I think there’s, you know, we get confused about speaking the truth and then judging people for not doing that thing that we’re talking about. Right. And those can be two separate things, right? Like I guarantee lots of my friends are going to do some or all of those things and we won’t even talk about it. I don’t even care. They’ll just be like, Hey, have you watched this awesome show? Because I’ve been watching it for like four hours every day and I’m like, no, tell me about it. That show sounds hilarious. Right? That’s what being a friend is. But I’m not your friend right now. I’m here to speak the truth to you and to say that when we do hard things, we make them harder by not treating our bodies well in the process. Okay. I know how hard it is to have a difficult day of lots of poop and crying and arguments and sibling fights and just ridiculousness.

And then I feel like I don’t even breathe until eight o’clock so my littlest kids go to bed at seven 30 and then, um, my six year old goes to bed at eight. And so by eight it’s kind of like me and my husband. And then the nine year old who loves being alone, it’s like tucked away reading a book somewhere. So it’s by eight o’clock that I finally feel like, okay, it’s quiet. And that moment is when I want to medicate so badly. Right? So badly at eight o’clock I want to numb out. I want a little bit of me time. I just need something. Okay. That’s not totally true, but it feels very true. So I just want to, you know, common humanity stand right with you and say, yeah, that’s how we all feel. Okay. We get to the end of the day and we’re just like wrecked and we want some wine and chocolate at Netflix or something crunchy.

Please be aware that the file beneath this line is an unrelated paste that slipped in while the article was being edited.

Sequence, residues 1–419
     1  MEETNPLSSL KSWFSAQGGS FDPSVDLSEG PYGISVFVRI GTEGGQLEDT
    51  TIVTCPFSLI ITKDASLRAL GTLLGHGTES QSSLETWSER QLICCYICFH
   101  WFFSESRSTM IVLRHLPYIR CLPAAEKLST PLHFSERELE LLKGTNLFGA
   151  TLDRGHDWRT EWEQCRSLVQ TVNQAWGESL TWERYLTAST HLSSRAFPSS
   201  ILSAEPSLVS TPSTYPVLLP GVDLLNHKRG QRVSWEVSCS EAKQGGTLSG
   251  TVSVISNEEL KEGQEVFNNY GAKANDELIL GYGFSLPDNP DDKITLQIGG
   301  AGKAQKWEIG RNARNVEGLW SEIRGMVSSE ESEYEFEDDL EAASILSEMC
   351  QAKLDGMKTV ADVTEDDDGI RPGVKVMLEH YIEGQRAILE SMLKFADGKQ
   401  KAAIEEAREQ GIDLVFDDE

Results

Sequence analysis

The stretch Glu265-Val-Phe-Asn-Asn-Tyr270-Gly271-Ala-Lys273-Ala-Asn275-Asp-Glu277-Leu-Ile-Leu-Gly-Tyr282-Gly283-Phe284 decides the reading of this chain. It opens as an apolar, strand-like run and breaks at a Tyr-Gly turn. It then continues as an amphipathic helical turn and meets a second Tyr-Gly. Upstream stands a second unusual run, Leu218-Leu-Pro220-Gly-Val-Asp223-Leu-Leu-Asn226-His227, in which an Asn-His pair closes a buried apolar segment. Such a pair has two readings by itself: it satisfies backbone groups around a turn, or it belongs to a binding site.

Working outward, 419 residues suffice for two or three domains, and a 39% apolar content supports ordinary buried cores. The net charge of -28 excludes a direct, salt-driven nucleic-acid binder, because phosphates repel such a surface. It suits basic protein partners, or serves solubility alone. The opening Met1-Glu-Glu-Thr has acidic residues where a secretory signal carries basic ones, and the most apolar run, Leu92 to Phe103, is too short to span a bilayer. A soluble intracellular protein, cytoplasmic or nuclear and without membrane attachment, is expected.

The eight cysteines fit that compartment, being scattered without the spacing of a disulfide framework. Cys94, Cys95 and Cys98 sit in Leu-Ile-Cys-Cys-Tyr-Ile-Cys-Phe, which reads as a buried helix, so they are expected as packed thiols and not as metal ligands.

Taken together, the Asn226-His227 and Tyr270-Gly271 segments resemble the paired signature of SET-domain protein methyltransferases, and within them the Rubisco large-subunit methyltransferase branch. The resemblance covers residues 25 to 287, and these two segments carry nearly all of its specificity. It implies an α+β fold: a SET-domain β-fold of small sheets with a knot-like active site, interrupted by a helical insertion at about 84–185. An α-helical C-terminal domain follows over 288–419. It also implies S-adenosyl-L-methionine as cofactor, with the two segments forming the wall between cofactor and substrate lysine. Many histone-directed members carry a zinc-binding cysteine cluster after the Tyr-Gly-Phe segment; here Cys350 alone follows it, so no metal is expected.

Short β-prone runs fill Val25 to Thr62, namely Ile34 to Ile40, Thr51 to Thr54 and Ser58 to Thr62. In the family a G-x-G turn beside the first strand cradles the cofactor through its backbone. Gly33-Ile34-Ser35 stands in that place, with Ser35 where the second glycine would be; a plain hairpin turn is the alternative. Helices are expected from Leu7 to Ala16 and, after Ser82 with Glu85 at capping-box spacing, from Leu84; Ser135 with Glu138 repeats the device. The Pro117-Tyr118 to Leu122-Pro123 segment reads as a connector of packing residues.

I like crunchy, salty things more than sweet things, but whatever. We’re just there and it feels like, like a desperate plea from our brain and our body saying give us something that only the adults can have. You know, like just something came. So one totally normal. Totally natural. Okay. But two pretty destructive. Okay. Whatever we choose to do in that time has the most profound effect on our ability to get a full night’s sleep. That I just, I, if I could just be the small whisper in the back of your brain that says, do you really want to do that or do you want to wake up better tomorrow? Right. Cause that’s the choice that we’re making when we eat late. Pretty much anytime after seven when we drink right before bed chocolate, right before bed, blue screens, television, something intense right before bed. It completely wrecks our ability to get a good night of sleep. And honey, you are running a marathon at six 30 tomorrow morning. You know what I mean? For most of us, that kid alarm goes off at like six 30 whether we like it or not and we are running and I don’t know about you, but I would like to be well rested for the marathon.